Suddenly, rightwing protesters showed up and began shouting bible verses at the top of their lungs. They had signs saying things like, "AIDS IS THE CURE" and "HOMOSEXUALS: FUEL FOR THE FIRE!" They even listed bible verses to back it up. It was one of the strangest things I'd ever seen. I don't know how these people fail to realize that they're crazy.
Children dressed in military fatigues ran around sneering while pleasing their parents by learning to spread hatred. Below, Marcus Robiason, a local artist, confronts a zealot positioned directly in front of the entrance. Ironically, the flower shop advertising roses behind them was run by two hardworking flamers.
As the Summer of 2001 drew to a close and Labor Day came and went, we began to work on putting out an open call for our annual juried group show. The show would be called "YOUR ART EXPLOSION!" On September 10th, I made a hundred posters to post around town. The following morning I was awoken by a call from the office manager at the gallery, telling me to turn on my television. I clicked it on just in time to see the second World Trade Center tower come crashing to the ground.I had never really thought about these buildings before that moment, but suddenly they became very significant. Immediately the world changed. Movies, television programs, and books were pulled from production if they had any intimation of bombs or airplanes, no matter how oblique. The posters I had wanted to hang, with bold letters and fire, were now definitely not going to go over properly and had to be scrapped. Life itself became a different sort of thing. People hadn't expected the world to change so completely one random morning. Nobody knew if they should stop and wait for more attacks or simply go on with their routines. I remember with perplexed bewilderment the ducktape and plastic sheeting advisory that that government issued within hours of the attacks so people could protect themselves from chemical weapons. I believe stocks shot up briefly for both products, as did American flags. At that point, everyone was eager to hear what the Bush Administration was going to do to protect us. The plan was simple and came in the next State of the Union Address. Revenge. As an artist, I felt the descent a grand significance. After a decade of making artwork that was more or less benign, I had a responsibility to react to the new world that had arrived. I felt honored, scared, and excited all at once.

Within a month of the attacks, I curated a groupshow. I assembled the owners of every gallery in the city and asked for one piece of work from each. The exhibition was called "Artistic Direction."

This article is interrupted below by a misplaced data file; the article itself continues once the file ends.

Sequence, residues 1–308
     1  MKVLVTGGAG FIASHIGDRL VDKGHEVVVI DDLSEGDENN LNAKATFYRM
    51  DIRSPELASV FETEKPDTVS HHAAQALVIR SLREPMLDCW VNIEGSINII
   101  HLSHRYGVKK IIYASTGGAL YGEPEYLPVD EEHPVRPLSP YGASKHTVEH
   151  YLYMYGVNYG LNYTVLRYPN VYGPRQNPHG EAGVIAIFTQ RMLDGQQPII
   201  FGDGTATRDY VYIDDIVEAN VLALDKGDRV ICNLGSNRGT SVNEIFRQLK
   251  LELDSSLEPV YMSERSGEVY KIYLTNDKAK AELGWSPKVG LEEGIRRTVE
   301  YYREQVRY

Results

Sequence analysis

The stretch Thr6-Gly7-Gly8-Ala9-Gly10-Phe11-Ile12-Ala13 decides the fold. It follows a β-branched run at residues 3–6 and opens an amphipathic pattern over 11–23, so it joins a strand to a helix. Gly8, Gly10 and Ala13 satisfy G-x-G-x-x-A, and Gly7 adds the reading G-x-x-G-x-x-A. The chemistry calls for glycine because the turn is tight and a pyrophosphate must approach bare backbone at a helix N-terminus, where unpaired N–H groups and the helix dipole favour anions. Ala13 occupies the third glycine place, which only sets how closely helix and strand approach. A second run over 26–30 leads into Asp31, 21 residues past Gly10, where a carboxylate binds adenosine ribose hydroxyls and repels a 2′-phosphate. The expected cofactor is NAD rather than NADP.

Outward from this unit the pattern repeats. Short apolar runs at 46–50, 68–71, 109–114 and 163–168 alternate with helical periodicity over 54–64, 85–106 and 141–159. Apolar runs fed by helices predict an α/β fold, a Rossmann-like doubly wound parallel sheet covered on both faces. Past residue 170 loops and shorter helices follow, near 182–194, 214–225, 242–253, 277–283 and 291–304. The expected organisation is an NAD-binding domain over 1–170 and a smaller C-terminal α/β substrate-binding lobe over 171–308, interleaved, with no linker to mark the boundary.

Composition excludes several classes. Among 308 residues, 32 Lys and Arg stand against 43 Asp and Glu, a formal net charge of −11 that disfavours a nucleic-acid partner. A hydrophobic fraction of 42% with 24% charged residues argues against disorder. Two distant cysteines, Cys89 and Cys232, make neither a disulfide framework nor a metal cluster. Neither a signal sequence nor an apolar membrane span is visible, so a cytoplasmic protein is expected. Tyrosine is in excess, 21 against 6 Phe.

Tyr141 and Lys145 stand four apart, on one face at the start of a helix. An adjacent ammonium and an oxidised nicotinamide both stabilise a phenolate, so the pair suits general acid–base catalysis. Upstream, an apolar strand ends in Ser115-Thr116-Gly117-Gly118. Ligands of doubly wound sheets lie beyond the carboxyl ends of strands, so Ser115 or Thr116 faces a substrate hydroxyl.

One of the dozen or so participants was an artist named Pete Missing who ran a gallery called "Now Here," also downtown. He'd grown up in NYC and spent a number of years in Berlin after the wall fell. A few weeks before the attacks, he had been invited to build an installation at a gallery in Osaka, Japan. A few days before he was to leave, his father fell gravely ill. He arranged to fly to NYC first, and to Japan from there. His plane landed on September 9th and his father died the next day. The following morning, as he took a taxicab to JFK from the Bronx, melee engulfed the city and he watched with his own eyes what I saw on TV. Needless to say, he was unable to go to Osaka. Talk about crazy timing.
For our show, he was given an entire room to build a new installation. His trademarks involve glass bottles filled with water with television monitors placed behind. Piles of found objects would then be added, motors spinning, plants growing, and each item with a significance he could explain. Beyond the installation, he was and still is a prolific painter, and the walls were filled with new work. In the 80's, this symbol of his invention was spraypainted across lower Manhattan as the waves of gentrification forced squatters from the Lower East Side and caused riots and chaos for days. The image, an upside down martini glass often accompanied by the text "the party's over," served as the logo for his band, Missing Foundation, which was active at the same time.
My contribution to the show would be the recently completed hand.
It would stand as a rising monument, stretching towards the sky like the towers no longer did.

As I took this photo, a random fan flashes a peace sign.
The title, also, reflected the new rules of the new times.
I would go forward from this moment with purpose, determined to use artwork as a tool to document the shifting era as well as to help inspire and hopefully empower those willing to believe that things can be better on our planet.
One thing I believe is that we're more intelligent than we think, and it seems logical that creating phenomenal artwork is one particular way to prove this. We each do what we can, or else, I guess, we give up.

monument for humanity:

Later, when I moved to NYC, it would be one of the few things I brought with. In effect, I was giving the city that had endured so much a hand, which it deeply deserves. Here a friend helps me load it into my pickup truck in East Williamsburg, Brooklyn circa 2005.

Monday, May 19, 2008

USD: WorthLE$$

Some videos of the first sculpture I made after moving to NYC in the fall of 2004.
It's a US one dollar bill made from plastic army toys. I showed it once in Brooklyn and once in Berlin.